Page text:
• A daily summary of global reports on security issues.
The US State Department officially announced Wednesday plans to sell up to $60 billion in advanced military aircraft to Saudi Arabia, in what experts call an effort to bolster regional powers against Iran.
The Wall Street Journal, which broke details of the sale in early September, reports the largest-ever US overseas arms deal will include authorization for the Saudis to purchase up to 84 new F-15s and upgrades to Saudi Arabia's existing fleet of 70 F-15s, as well as new helicopters and other weapons.
While the arms sale has been known about for months and been under negotiation since 2007, Wednesday's announcement revealed that it would include up to 1,000 one-ton bunker-buster bombs, which would "enhance the capability of Saudi Arabia's air force to bomb hardened bunkers and tunnels, such as those that the West believes are used by Iran to hide nuclear and ballistic missile programs," reports the Journal.
It is Iran's long-suspected drive to acquire nuclear weapons – Tehran maintains its nuclear ambitions are peaceful – that underpin the massive arms sale to Saudi Arabia. The Christian Science Monitor reported in September that the deal is meant to contain Iran as it develops its nuclear capabilities.
"It’s a reminder to the Iranians," Thomas Lippman at the Council on Foreign Relations told the Monitor last month, that if Tehran continues down a nuclear path "the response will be to so beef up regional rivals and enemies that their overall position will be diminished."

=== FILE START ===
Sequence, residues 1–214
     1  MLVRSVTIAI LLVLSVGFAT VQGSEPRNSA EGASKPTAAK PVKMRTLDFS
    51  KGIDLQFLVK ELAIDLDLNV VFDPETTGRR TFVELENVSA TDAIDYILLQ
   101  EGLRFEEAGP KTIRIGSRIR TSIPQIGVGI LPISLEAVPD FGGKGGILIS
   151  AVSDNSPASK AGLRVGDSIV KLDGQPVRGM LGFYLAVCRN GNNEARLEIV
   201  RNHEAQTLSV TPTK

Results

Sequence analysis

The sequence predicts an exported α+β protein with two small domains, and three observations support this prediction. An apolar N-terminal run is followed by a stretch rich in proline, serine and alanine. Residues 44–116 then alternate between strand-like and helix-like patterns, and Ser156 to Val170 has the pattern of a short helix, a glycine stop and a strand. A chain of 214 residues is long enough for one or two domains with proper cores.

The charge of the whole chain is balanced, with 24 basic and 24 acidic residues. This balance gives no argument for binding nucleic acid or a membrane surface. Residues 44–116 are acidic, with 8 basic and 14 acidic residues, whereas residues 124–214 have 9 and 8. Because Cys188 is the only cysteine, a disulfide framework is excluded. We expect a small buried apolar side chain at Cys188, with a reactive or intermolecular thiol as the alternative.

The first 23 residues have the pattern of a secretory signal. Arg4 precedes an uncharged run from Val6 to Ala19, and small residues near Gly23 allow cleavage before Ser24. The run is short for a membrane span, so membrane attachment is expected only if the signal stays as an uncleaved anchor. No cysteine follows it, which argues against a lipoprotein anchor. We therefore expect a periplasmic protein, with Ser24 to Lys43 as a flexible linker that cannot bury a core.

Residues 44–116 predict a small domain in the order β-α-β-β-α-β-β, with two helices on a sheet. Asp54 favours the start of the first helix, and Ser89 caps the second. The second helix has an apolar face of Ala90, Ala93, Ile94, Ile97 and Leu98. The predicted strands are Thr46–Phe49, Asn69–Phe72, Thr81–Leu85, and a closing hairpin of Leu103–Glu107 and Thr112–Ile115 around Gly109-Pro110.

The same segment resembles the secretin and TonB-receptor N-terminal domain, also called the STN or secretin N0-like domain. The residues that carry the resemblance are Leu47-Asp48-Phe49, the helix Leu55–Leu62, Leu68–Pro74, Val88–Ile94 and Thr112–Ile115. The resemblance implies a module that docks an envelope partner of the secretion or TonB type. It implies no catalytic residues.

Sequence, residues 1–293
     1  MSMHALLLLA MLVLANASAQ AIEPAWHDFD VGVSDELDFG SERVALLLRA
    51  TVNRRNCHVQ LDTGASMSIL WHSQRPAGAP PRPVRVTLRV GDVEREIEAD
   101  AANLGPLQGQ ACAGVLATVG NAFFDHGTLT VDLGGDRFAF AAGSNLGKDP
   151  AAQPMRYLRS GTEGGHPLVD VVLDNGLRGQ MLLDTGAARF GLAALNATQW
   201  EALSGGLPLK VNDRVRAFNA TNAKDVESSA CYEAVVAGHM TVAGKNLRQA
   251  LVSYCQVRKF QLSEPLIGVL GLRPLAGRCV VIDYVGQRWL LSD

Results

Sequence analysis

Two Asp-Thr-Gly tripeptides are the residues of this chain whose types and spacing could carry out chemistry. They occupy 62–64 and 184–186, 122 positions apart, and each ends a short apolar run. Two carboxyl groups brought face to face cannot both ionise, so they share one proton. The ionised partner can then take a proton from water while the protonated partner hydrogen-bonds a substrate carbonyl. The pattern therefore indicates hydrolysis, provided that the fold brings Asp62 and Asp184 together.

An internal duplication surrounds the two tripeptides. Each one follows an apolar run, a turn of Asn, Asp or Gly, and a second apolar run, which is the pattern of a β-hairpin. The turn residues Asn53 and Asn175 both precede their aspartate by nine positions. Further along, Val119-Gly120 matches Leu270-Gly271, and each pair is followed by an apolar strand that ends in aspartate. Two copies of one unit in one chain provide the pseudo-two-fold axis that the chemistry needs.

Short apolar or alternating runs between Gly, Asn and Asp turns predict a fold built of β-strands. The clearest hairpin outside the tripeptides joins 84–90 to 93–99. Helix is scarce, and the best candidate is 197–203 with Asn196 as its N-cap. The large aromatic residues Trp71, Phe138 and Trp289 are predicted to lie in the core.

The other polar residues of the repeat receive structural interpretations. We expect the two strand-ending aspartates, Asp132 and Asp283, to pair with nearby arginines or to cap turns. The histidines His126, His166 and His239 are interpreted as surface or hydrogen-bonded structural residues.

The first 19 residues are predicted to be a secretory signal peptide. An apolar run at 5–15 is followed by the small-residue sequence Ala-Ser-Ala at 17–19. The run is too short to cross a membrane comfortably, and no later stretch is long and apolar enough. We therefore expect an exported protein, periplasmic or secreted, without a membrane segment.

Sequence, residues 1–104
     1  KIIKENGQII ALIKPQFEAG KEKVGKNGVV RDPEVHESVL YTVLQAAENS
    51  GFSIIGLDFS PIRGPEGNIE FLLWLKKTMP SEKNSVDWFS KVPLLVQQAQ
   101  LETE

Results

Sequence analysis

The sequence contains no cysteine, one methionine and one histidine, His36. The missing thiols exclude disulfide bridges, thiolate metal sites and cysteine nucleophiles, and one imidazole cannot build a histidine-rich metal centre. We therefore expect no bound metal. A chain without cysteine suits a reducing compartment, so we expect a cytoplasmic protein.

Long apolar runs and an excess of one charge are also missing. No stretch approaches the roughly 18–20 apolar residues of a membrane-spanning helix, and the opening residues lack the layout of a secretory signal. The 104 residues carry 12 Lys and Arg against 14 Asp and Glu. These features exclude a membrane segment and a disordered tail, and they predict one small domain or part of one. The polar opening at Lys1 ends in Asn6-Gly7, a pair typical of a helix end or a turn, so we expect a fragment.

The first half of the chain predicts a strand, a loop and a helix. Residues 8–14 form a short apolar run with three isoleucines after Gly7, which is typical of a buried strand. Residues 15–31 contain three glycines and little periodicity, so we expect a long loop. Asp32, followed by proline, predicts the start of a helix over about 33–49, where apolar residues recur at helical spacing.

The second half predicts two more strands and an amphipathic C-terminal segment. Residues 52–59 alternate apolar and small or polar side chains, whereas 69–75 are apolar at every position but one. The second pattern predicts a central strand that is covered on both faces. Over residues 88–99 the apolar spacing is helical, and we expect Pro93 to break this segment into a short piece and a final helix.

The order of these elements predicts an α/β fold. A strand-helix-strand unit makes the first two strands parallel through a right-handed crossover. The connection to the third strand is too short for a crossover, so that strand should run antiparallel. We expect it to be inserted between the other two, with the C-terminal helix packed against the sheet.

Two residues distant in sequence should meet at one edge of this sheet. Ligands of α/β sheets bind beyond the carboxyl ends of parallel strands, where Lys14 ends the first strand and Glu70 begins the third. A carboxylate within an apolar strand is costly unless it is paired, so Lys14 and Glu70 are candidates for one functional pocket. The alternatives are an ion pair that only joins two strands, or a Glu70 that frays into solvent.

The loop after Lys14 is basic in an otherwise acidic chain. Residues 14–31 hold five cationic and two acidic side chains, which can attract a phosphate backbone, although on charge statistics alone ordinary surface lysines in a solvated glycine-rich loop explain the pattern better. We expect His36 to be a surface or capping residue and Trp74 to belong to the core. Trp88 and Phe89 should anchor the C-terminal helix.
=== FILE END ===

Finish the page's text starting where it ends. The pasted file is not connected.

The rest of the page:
A transcript of the official announcement by the State Department and its accompanying press conference is available on the State Department's website.
The announcement triggers the start of a 30-day window for Congress to review the deal, before the United States and Saudi Arabia launch more detailed negotiations of the sale. The Washington Post reports that Congress is not expected to block the deal, despite vocal opposition from some members of Congress. The Post cites defense industry analysts, who say that Congress has been generally unable to block such arms sales in the past.
And while such a massive arms sale in past decades would have drawn severe opposition from Israel, now experts say that Israeli and Saudi interests are so similarly aligned against Iran that Israel is amenable to the deal.
The Jerusalem Post reports that Israel is not expected to object to the arms deal, despite some reservations, as it does not threaten Israel's military advantage in the Middle East. However, Israel is "not thrilled about it," said spokesman Jonathan Peled of the Israeli Embassy in Washington.
But US Deputy Assistant Secretary of Defense Colin Kahl said the deal doesn't include "the types of systems the Israelis would be most concerned about," i.e. long-range weapons that could potentially be used against Israel. The arrival of F-15s to Saudi Arabia would not begin until 2015, the same year Israel is slated to begin receiving more-advanced F-35s.
In addition, the arms sale is also meant to bolster Saudi Arabia against other threats to regional stability. During the announcement of the deal, Andrew Shapiro of the US State Department said that the sale would "protect [Saudi] security in a dangerous neighborhood against legitimate security threats."
Dr. Theodore Karasik of the Institute for Near East and Gulf Military Analysis in Dubai told The Christian Science Monitor earlier this month that US military allies in the Middle East "face a number of state and nonstate threats." Dr. Karasik noted as an example that Saudi forces have clashed with Houthi rebels along the Yemen-Saudi border, and that the helicopters provided in the arms sale could strengthen the Saudis there.
According to the US Government Accountability Office, the US sold up to $37 billion in arms to Gulf states, including Saudi Arabia, the United Arab Emirates (UAE), Bahrain, Qatar, Oman, and Kuwait from 2005 to 2009.